Counsel for Plaintiff, James Hays Lawson and James R. McKenzie, have also incorrectly moved for dismissal of a single party pursuant to Rule 41 in other cases. See Shockley v. Portfolio Recovery Associates, LLC, No. 5:18-cv-00010, at Docket Entry 7 (E.D. Ky. February 8, 2018) (filing motion to dismiss a single party under Rule 41(a)(2); Howard v. 21st Century Mortgage Corporation, No. 5:18-cv-00613, at Docket Entry 25 (E.D. Ky. Jan. 21, 2019) (filing notice of voluntary dismissal). In other instances, they have joined in such motions filed by opposing counsel. See Gross v. GLA Collection Co., Inc., et al., No. 5:18-cv-00519, at Docket Entry 24 (E.D. Ky. February 13, 2019); Gross, No. 5:18-cv-00519, at Docket Entry 26 (E.D. Ky. February 25, 2019).

         This Court has repeatedly informed Mr. McKenzie and Mr. Lawson that such motions are to be made pursuant to Rule 21. Shockley, No. 5:18-cv-00010, at Docket Entry 8 (E.D. Ky. February 13, 2018); Howard, No. 5:18-cv-00613, 2019 WL 638365, at *1-2 (E.D. Ky. Feb. 14, 2019); Gross, No. 5:18-cv-00519, at Docket Entry 27 (E.D. Ky. Feb. 25, 2019). Nonetheless, this Court construed the parties' Rule 41 motions as motions correctly filed under Rule 21 and granted them. Id. It should be noted that, in each such instance, the Court was forced to undergo the tedious exercise of explaining why it was construing Rule 41 motions as Rule 21 motions. Id. In any event, by now Mr. McKenzie and Mr. Lawson knew or should have known the appropriate procedure to dismiss a single party.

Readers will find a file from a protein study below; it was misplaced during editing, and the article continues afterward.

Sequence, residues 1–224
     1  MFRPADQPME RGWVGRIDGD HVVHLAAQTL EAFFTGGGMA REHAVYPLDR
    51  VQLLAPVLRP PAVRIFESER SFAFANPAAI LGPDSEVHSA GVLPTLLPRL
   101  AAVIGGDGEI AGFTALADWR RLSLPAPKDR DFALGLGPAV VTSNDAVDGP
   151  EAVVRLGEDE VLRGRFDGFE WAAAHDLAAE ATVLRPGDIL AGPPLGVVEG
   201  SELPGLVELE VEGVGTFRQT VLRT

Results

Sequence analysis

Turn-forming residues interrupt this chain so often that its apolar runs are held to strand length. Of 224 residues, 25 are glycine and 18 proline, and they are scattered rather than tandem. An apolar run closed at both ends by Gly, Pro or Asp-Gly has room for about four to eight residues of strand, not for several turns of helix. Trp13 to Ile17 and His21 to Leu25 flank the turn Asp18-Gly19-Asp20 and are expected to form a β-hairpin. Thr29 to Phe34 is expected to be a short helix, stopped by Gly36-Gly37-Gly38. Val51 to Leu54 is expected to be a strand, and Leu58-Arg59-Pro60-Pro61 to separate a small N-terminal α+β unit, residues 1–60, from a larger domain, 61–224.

However, on May 15, 2019, Mr. McKenzie and Mr. Lawson were involved in the incorrect filing of yet another joint motion/stipulation of dismissal under Rule 41. Howard, No. 5:18-cv-00613, Docket Entry 40 (E.D. Ky. May 15, 2019). This Court had enough and denied the motion. Howard, No. 5:18-cv-00613, 2019 WL 2163602, *1-2 (E.D. Ky. May 17, 2019). As a result, Mr. McKenzie and Mr. Lawson were made readily aware that this Court will no longer tolerate continued disregard for the Rules or its orders.

         Unsurprisingly, they then correctly filed a joint motion to dismiss a single party under the appropriate rule, Howard, No. 5:18-cv-00613, Docket Entry 42 (E.D. Ky. May 20, 2019) (moving to dismiss a party under Rule 21). The next day the Court granted their joint motion. Howard, No. 5:18-cv-00613, Docket Entry 43 (E.D. Ky. May 21, 2019).

         We further note that, only two days later, Mr. McKenzie was again able to correctly file a joint motion to drop a single party under Rule 21 in a separate case. Gross, No. 5:18-cv-00519, Docket Entry 31 (E.D. Ky. May 22, 2019). The Court granted the motion. Gross, No. 5:18-cv-00519, Docket Entry 32 (E.D. Ky. May 22, 2019). Thus, counsel has shown they are, indeed, capable of following both the Federal Rules of Civil Procedure and this Court's orders.

         However, on July 16, 2019, Mr. McKenzie and Mr. Lawson were involved in the filing of the joint stipulation of dismissal currently before the Court. [DE 38]. Again, they move under Rule 41 rather than Rule 21. [Id.]. Mr. McKenzie and Mr. Lawson know better. The Court will not continue to engage in the fruitless and time-consuming exercise of explaining the appropriate procedure to counsel ad nauseum only to be ignored. Accordingly, we caution counsel that any ...